$$\begin{aligned} \sin ^2\vartheta _2\approx \frac{1}{3}+\frac{200}{3\omega }+\cdots . \end{aligned}$$

\(\vartheta _1\) takes \(\frac{\pi }{2}\) for \(\omega \rightarrow \infty \) and so it is not a suitable physical case because \(\tan \vartheta \) given in the Eq. (3.11) diverges to a infinite value. Thus we will continue the work by using (3.17) to calculate the galactic circular velocity (3.10) which for large \(\omega \) we choose \(\sin ^2\vartheta _2\sim \frac{1}{3}\) where (3.11) and (3.12) read respectively

$$\begin{aligned} P(r)= & {} 1+60\bigg (\frac{r_{qf}}{r}\bigg )^{24}-57\bigg (\frac{r}{r_{qf}}\bigg )^{25}-\bigg (\frac{r}{r_{qf}}\bigg )^3\nonumber \\&+\sigma \bigg (1+\frac{r}{r_{qf}}\sqrt{\frac{\omega }{1500}}\bigg )e^{-\frac{r}{r_{qf}}\sqrt{\frac{\omega }{1500}}}\nonumber \\&\times \bigg \{1+\frac{\omega }{1500} \bigg [\frac{3}{2}\bigg (\frac{r_{qf}}{r}\bigg )^{25}+\frac{3}{2}\bigg (\frac{r}{r_{qf}}\bigg )^{24}\nonumber \\&-\bigg (\frac{r}{r_{qf}}\bigg )^2-2\bigg (\frac{r_{qf}}{r}\bigg )\bigg ]\bigg \} \end{aligned}$$


$$\begin{aligned} Q(r)= & {} 1+\frac{\omega }{1500} \bigg [24\bigg (\frac{r_{qf}}{r}\bigg )^{25}-18\bigg (\frac{r}{r_{qf}}\bigg )^{24}-\bigg (\frac{r}{r_{qf}}\bigg )^2\nonumber \\&-5\bigg (\frac{r_{qf}}{r}\bigg )\bigg ] . \end{aligned}$$

It is easy to check

$$\begin{aligned} \lim _{r>>r_{qf}}\frac{P(r)}{Q(r)}\simeq \bigg (\frac{4750}{\omega }\bigg )\bigg (\frac{r}{r_{qf}}\bigg )\end{aligned}$$


$$\begin{aligned} \lim _{r<<r_{qf}} \frac{P(r)}{Q(r)}\simeq \frac{\sigma }{16}. \end{aligned}$$

The above galactic circular velocity is for a point like source with total mass M. Let us now extend the Eq. (3.10) for a mass distribution of spherically symmetric galaxies where the mass function

$$\begin{aligned} M(r)=4\pi \int _0^r\rho (\eta )\eta ^2d\eta \end{aligned}$$

is the total amount of ordinary visible matter within a sphere of radius r and \(\rho (\eta )\) is the density of visible matter of the spherical galaxy contains an inner core at radius \(r=r_c\). There are different models which are proposed for mass distribution of visible galaxies. According to the model presented in Ref. [12] we consider here a simple power-law mass distribution function as

$$\begin{aligned} M(r)=M\bigg (\frac{r}{r_c+r}\bigg )^{3\varsigma } \end{aligned}$$

where \(\varsigma \) is a constant parameter. The values for \(\varsigma \) are 1 and 2 for high surface brightness (HSB) and low surface brightness (LSB) & Dwarf galaxies respectively. This difference is due to the fact that rotation curves of LSB and dwarf galaxies rise more slowly than those of HSB galaxies [39]. \(r_c\) is radius of the galaxy core. Inside the core \(r<r_c\) there is a constant mass density for HSB galaxies. For LSB galaxies it is a raising function as \(\rho (r)\approx (r/r_c)^3\) inside the core \(r<r_c\) [12]. Well outside the core radius, where \(r>> r_c\), Eq. (3.23) implies that

$$\begin{aligned} \underset{r>>r_c}{\text {lim}}M(r)=M \end{aligned}$$

in which M is total mass of the galaxy under consideration. Numerical values for \(r_c\) are given in the Table 1 for a set of 12 observed galaxies. They are obtained by fitting the observational data and our solutions for circular velocity of the galaxies called in the Table 1. At last we substitute (3.23) into the circular velocity given by (3.10) to obtain circular velocity for a mass distributed galaxy as follows.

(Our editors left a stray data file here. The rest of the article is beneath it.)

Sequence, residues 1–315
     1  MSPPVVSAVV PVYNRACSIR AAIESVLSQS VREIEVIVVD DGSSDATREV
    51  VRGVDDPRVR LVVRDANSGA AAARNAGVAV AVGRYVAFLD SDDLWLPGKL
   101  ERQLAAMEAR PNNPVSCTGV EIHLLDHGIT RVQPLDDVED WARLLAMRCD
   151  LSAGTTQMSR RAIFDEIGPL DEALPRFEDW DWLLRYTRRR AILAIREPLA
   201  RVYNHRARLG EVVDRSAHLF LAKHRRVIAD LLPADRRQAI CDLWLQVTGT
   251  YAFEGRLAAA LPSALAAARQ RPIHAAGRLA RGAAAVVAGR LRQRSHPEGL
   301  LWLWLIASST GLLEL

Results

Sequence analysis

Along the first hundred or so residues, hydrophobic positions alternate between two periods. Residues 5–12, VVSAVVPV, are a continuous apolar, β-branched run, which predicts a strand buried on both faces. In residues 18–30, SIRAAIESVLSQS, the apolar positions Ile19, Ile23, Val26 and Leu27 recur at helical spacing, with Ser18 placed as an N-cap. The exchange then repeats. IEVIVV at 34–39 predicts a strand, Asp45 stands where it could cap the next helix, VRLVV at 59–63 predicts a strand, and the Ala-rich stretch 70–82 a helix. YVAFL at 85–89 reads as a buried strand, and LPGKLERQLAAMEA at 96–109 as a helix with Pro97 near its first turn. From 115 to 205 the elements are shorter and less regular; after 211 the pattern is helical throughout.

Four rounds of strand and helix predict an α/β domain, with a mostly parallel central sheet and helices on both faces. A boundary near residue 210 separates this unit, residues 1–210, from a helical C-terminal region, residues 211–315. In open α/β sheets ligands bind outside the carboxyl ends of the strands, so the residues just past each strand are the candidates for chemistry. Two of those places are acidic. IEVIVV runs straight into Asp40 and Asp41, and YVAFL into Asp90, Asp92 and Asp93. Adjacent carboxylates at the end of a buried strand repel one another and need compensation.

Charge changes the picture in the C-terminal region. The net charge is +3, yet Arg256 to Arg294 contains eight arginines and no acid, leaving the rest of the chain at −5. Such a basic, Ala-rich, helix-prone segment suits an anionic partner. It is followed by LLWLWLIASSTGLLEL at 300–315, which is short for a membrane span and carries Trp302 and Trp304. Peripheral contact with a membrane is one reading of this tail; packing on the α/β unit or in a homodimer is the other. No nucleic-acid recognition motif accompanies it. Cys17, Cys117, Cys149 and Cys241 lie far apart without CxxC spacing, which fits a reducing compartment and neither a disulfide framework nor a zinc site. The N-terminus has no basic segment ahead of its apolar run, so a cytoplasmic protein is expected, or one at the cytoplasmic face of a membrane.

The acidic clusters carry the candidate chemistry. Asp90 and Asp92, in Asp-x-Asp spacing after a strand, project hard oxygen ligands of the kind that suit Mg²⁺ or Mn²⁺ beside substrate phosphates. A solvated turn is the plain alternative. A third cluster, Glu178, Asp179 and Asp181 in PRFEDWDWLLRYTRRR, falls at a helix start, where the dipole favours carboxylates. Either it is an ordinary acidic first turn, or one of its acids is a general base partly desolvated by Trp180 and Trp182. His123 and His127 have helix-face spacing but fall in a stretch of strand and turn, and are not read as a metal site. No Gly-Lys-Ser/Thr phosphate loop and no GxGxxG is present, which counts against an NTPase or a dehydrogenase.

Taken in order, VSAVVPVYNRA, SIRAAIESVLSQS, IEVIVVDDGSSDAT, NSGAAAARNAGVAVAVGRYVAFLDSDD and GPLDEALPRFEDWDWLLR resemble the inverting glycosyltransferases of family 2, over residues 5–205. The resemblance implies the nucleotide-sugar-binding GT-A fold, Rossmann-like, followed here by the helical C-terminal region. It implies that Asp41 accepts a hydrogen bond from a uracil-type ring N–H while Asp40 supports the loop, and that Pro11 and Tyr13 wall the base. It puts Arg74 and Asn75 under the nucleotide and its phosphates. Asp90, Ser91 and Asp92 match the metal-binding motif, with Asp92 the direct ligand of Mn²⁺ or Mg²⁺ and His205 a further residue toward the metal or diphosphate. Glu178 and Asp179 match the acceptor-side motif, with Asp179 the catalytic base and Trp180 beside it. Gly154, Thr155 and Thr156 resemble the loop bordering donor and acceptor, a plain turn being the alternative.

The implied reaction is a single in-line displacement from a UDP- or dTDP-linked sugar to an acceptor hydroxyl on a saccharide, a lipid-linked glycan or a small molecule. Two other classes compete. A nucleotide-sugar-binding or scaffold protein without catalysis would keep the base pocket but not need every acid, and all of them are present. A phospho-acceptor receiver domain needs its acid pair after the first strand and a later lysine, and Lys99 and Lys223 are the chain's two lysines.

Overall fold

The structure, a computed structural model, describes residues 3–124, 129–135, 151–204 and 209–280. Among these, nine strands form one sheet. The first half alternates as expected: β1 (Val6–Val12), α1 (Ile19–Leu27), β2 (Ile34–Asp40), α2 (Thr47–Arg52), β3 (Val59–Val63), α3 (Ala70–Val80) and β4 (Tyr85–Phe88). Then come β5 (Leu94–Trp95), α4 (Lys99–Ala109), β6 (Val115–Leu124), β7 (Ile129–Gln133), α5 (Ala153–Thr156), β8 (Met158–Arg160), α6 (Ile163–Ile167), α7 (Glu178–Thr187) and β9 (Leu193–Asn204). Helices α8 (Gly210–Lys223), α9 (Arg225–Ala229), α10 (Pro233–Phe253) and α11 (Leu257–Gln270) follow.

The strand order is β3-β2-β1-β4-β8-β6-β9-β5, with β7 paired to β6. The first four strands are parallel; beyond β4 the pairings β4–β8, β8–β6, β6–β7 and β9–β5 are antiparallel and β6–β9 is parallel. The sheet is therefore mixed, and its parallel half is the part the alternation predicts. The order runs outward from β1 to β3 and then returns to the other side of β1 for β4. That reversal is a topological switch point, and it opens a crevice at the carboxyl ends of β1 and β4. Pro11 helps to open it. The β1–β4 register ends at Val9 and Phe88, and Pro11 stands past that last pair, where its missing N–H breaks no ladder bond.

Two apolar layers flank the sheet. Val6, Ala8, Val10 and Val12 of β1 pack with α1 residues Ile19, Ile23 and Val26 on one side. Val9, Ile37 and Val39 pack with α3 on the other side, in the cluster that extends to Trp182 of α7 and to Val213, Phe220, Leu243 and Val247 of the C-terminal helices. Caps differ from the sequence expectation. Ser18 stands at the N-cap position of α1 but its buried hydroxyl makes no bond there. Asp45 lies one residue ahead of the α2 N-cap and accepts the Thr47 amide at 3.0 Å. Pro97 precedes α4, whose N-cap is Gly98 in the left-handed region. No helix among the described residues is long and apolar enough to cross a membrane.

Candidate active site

$$\begin{aligned} v(r)=\sqrt{\frac{GM}{r}}\bigg (\frac{r}{r_c+r}\bigg )^{\frac{3\varsigma }{2}}\sqrt{\frac{P(r)}{Q(r)}} \end{aligned}$$

where P(r) and Q(r) should be inserted from (3.18) and (3.19). One can show that the Newton’s gravity coupling constant \(G\simeq 6.67\times 10^{-11} \mathrm{{m}}^3/\mathrm{{kg}}\,\mathrm{{s}}^2\) can be rewritten as \(G=4.3\times 10^{-6} \big (\frac{kpc}{M_{sun}}\big )\big (\frac{\mathrm{{km}}}{\mathrm{{s}}}\big )^2.\) In the latter case the galactic circular velocity can be described in units km/s if we choose radial distance r in units kpc instead of the meter and the galactic mass M is given as relative mass with respect to the mass of sun as \((M/M_{sun})\times 10^{10}.\) Because \(v=\sqrt{\frac{GM}{r}}\rightarrow \big (\frac{\mathrm{{km}}}{\mathrm{{s}}}\big )\sqrt{4.3\times 10^{-6}\big (\frac{kpc}{r}\big )\big (\frac{M}{M_{sun}}\big )}.\) To plot numerical diagram of the circular velocity (3.25) we substitute radial distances in units kpc, and \(G=4.3\times 10^{-6}\) and M as \((M/M_{sun}\times 10^{10})\) (see Table 1). In the latter case the velocity is described in (km/s) units and r in units kpc. We plot numerical diagrams for the Brans Dicke parameter as \(\omega =40{,}000\) (see Refs. [33,34,35,36]). Other parameters given in the above formula called as \(r_{qf}, \sigma , r_c\) should be considered as fitting parameters when we set result of our theoretical model with observational data given in the Table 1. We obtained numerical values for the fitting parameters \((r_{qf}, \sigma , r_c)\) and collect them into the Table 1 for different galaxies which we used to study. circular velocity diagrams for 12 observed galaxies are given in the Fig. 1. There are three charts for each galaxy. That is, the experimental data (black dots) and the theoretical results (red dots) of our model and the Newtonian limit (blue dots) of velocity are plotted in terms of distance from the center of the galaxy. The galaxy mass is given from [5, 40]. There is two components for each galaxy mass which one of them is related to the neutral Hydrogen gases \(\mu _{HI}\) surrounds the galaxy and the other is the central core star-like mass \(\mu _{star}\) and so we should use the galactic relative total mass as \(M=\mu _{HI}+\mu _{star}\) (see the Table 1) for each galaxy rotation curve in the Eq. (3.25).